Market Maelstrom Shows Investors Prefer ETFs

Benzinga

Volatility has been the order of the day, well, really the order of close to a month for global financial markets. That much is confirmed by the S&P 500's 5.8 percent August tumble, but through a spate of volatility that has seeped into September, investors are showing they prefer ETFs to mutual funds.

According to fund flows from Lipper analyzed by S&P Capital IQ, investors pulled $301 million out of U.S. diversified equity mutual funds in the week ended August 26 and then $770 million the subsequent week. In contrast, investors pulled $5.0 billion out of U.S. diversified equity ETFs in the week ended August 26, only to put $7.8 billion back in the following week ending September 2. In general, ETFs appeared to be the beneficiary of some of the mutual fund withdrawals, said S&P Capital IQ in a note out earlier this week.

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Exchange traded products listed in the United States, including exchange traded funds, added just $2.4 billion in new assets last month, according to ETF research firm ETGI.

Still, net U.S. ETF inflows through the first eight months of the year were $127.5 billion and the U.S. ETF industry is now home to $2.03 trillion in combined assets under management.

For example, after $4.3 billion of outflows in the first week, S&P 500 index objective ETFs had net inflows of $7.0 billion during the second week. SPDR S&P 500 ETF (NYSE:SPY) gathered $7.2 billion of fresh money. Meanwhile, S&P 500 index objective mutual funds saw $216 million of outflows during the second week, more than the $53 million of outflows in the first week. Columbia Large Cap Index (NINDX) was one of the funds hit the most as $111 million left its fund in the week ended September 2, notes S&P Capital IQ.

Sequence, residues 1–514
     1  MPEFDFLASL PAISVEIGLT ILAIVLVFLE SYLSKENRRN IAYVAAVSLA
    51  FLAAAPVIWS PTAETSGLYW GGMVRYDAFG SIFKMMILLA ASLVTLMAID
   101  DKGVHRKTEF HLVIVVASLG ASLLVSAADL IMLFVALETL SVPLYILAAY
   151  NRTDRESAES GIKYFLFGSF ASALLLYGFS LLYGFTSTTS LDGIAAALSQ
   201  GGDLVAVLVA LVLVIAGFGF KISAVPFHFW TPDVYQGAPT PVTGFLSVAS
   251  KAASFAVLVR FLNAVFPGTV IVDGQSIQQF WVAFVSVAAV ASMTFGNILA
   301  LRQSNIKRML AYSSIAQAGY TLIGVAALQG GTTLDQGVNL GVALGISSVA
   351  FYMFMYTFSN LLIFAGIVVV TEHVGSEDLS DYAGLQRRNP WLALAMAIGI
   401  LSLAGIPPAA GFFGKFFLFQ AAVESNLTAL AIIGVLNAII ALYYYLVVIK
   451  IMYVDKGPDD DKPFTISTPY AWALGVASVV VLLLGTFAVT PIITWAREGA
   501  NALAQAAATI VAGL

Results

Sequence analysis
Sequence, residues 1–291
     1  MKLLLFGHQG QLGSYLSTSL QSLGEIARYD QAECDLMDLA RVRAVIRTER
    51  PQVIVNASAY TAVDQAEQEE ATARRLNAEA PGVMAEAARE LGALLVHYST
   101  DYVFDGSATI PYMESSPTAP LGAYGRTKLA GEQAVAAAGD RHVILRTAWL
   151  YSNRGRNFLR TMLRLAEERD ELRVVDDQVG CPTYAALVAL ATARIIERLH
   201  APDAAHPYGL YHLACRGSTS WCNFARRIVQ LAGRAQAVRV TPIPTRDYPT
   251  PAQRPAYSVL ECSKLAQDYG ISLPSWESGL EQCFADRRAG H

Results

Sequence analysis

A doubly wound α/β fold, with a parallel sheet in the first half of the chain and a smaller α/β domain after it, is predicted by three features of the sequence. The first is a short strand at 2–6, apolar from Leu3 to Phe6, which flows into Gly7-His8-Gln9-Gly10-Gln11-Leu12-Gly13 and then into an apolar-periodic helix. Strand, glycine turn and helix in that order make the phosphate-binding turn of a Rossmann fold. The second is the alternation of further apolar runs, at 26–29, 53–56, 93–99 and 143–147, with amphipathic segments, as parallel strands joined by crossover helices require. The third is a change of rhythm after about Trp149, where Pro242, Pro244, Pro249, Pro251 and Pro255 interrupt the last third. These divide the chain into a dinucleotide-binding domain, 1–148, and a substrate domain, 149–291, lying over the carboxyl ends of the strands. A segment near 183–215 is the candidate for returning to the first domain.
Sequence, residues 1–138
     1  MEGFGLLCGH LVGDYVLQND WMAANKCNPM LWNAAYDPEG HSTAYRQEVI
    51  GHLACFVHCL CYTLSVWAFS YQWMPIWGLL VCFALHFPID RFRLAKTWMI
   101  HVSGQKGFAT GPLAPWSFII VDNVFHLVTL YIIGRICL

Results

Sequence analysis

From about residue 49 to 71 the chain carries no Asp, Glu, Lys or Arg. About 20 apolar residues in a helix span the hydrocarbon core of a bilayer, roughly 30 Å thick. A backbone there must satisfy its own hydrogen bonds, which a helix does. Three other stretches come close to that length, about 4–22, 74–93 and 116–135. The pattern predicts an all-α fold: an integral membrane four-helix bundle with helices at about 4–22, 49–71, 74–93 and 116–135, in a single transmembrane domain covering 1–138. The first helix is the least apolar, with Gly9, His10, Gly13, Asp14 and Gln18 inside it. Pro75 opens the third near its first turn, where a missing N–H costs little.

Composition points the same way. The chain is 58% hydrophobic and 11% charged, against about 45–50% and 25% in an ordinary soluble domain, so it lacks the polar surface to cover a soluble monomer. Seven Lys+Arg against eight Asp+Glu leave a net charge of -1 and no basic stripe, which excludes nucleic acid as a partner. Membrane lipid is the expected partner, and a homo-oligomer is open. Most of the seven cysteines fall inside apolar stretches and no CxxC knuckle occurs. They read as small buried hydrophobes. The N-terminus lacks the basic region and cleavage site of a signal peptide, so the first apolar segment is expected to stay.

To this point in September, no ETF has added more than $1.03 billion hauled in by the Vanguard S&P 500 ETF (NYSE:VOO). However, fixed income ETFs have been widely embraced by investors this month as eight of September's top 10 asset-gathering ETFs are bond funds. That group includes the iShares 1-3 Year Treasury Bond ETF (NYSE:SHY), SPDR Barclays 1-3 Month T-Bill ETF (NYSE:BIL) and the iShares iBoxx $ High Yield Corporate Bond ETF (NYSE:HYG).

During the two weeks S&P Capital IQ examined, investors pulled over $2.4 billion from taxable fixed income mutual funds, but $1.3 billion and $3.8 billion flooded into U.S. taxable fixed income ETFs during these two weeks. Among the biggest beneficiaries were those ETFs providing exposure to general US Treasuries ($876 million the second week) and high yield bonds ($487 million). HYG added $450 million alone.

The Vanguard Mid-Cap ETF (NYSE:VO) is the other equity-based ETF in addition to VOO that is among this month's top 10 asset-gathering ETFs.

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